What I think I’m saying is that in matters of influence, originality is much harder to find than we might think.

It’s a bit like discovering, as punk historians Greil Marcus and Jon Savage have shown us, that their revolutionary and radical heroes were actually the impressionable sons of much older radical, punky figures, now stepping forward to adopt the mantel of alternative fathers.

The sons, in time, become fathers, who at best sublimate these early experiences into a form of insight understood as ‘enlightenment’, and then seek to replicate that experience for their own sons.

It is not suprising that Fowles Jnr, burdened as he was as a child by his father’s argumentative, soapbox-philosopher traits, channels these into Guru Conchis. And a little later, as soon as the son has the ear of literary London after publishing two bestselling novels, her writes a very Fowles Sr. project in the form of The Aristos, a somewhat high-minded and even vaguely pompous disquisition on the Age.

Through him, whether he likes it or not, Robert Fowles, lives on.

Just as in many of the stories we know of Zhaozhou, this could equally be Nanquan at work. The son/disciple whether he wants to or not, functions as a kind of proxy for his father, even as he replaces him, adopting his mantle, or trying to.

Nanquan, like Zhaozhou, admonishes his monks to forget about trying to work out why phenomenal existence is fundamentally empty, telling them to “go on a journey” instead. Again and again, we find him refusing to go abstract, to philosophize and teach through concepts.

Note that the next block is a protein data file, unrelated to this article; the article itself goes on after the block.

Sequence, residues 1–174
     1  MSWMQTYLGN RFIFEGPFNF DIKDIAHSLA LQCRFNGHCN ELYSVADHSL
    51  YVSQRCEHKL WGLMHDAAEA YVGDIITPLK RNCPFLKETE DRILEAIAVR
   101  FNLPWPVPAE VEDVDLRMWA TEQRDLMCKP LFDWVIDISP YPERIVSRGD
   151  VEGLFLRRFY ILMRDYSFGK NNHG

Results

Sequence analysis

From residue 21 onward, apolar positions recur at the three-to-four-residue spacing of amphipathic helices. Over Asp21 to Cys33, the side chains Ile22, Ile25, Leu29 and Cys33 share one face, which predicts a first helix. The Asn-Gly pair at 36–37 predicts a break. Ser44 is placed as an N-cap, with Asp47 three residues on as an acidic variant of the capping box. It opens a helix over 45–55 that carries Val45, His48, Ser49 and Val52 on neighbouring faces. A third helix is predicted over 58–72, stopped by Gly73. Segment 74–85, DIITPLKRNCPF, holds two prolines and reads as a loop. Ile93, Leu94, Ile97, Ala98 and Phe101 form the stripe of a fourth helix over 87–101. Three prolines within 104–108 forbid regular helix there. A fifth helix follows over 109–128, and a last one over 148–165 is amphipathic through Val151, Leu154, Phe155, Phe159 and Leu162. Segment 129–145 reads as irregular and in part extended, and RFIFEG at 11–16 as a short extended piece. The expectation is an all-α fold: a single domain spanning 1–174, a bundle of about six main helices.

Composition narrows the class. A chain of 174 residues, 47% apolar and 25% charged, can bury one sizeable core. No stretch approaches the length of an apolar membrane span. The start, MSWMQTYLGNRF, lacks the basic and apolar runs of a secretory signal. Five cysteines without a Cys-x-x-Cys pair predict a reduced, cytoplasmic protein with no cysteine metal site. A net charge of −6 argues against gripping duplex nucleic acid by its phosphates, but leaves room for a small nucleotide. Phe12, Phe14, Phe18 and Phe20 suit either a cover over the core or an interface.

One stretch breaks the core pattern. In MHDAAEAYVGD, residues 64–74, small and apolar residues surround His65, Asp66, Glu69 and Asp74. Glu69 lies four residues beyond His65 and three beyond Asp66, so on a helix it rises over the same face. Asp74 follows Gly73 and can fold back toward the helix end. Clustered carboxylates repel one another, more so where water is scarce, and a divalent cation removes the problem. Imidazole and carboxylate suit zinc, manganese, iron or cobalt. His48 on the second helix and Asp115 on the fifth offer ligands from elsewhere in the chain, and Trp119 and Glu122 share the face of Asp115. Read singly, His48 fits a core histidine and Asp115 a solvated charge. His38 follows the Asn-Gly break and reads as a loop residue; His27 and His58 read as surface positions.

So too Zhaozhou:

Zhaozhou said, “If I cannot cure my own disease, how could I cure those of others?”
The monk said, “Then there is no one I can rely upon. What should I do?”
Zhaozhou said, “If you rely upon me, tread heavily upon the earth. If you do not, go east, west—go wherever you please.”

To which translator Yoel Hoffman adds the note: So essentially he’s saying ‘Trust me but save yourself’.

He also refuses to privilege human experience above other life forms:

Someone asked, “What is my self?”
Zhaozhou said, “The oak tree in the front yard. Look at it.”

And perhaps even more vociferously than Nanquan, often with the stand-up comedian’s pomposity-puncturing acerbity and willingness to take language into the toilet (a Zen Frankie Boyle?) he lays into his disciples, sycophants, fawners, flunkeys, yes-men, and every pat-on-the-back-seeking son and daughter looking for validation and accord with punk-like vigour:

Someone said, “I have come here from far away. I beg you to teach me.”
Zhaozhou said, “You have just entered the gate. Well then, let me spit in your face.”

A monk asked, “To be holy—what is it like?”
Zhaozhou said, “To dump a mountain of shit on the clean plain.” The monk said, “Master, make this clear for me.”
Zhaozhou said, “Stop fucking with my head.”

In the end though, all is saved, if saving is required (I think it is) by that trait which he also shares with Nanquan, and our finest stand-up-comedians and PGTips, a kind of wounded, even petulant vulnerability, delicate as that easily punctured fontanelle behind all the tough-talking wisecracks:

A monk came to Zhaozhou for an interview. When he saw Zhaozhou sitting there with his robe pulled over his head, the monk immediately turned to leave.
Zhaozhou said, “Don’t say I didn’t receive you.

Categories: Mu